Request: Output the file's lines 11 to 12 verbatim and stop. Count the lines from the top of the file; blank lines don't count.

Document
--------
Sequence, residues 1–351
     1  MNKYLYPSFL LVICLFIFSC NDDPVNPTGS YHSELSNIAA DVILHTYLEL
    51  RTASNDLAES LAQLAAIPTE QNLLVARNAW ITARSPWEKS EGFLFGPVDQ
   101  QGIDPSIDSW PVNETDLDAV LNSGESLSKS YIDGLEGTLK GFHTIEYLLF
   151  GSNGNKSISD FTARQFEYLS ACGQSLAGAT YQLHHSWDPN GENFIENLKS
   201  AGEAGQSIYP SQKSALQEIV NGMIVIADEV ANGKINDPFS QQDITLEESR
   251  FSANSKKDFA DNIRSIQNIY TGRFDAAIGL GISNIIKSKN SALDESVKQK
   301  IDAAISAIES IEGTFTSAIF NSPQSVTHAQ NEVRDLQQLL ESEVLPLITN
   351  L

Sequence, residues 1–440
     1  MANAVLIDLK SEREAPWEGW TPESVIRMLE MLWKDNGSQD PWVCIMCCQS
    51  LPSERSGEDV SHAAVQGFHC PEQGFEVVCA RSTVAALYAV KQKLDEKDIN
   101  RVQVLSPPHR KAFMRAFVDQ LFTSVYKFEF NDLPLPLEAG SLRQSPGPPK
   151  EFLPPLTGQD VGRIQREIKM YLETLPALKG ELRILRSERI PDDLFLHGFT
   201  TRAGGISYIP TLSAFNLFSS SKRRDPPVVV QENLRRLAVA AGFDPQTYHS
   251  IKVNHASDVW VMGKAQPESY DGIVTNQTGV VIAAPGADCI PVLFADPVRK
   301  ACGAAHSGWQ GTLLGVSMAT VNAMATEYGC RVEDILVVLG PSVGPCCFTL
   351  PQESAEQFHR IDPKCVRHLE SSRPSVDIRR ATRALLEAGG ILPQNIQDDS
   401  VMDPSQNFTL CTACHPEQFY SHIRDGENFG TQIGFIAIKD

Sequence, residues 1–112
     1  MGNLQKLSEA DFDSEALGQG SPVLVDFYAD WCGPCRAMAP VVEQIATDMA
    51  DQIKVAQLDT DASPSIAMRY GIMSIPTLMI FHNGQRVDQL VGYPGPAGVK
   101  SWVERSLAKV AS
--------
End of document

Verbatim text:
     1  MANAVLIDLK SEREAPWEGW TPESVIRMLE MLWKDNGSQD PWVCIMCCQS
    51  LPSERSGEDV SHAAVQGFHC PEQGFEVVCA RSTVAALYAV KQKLDEKDIN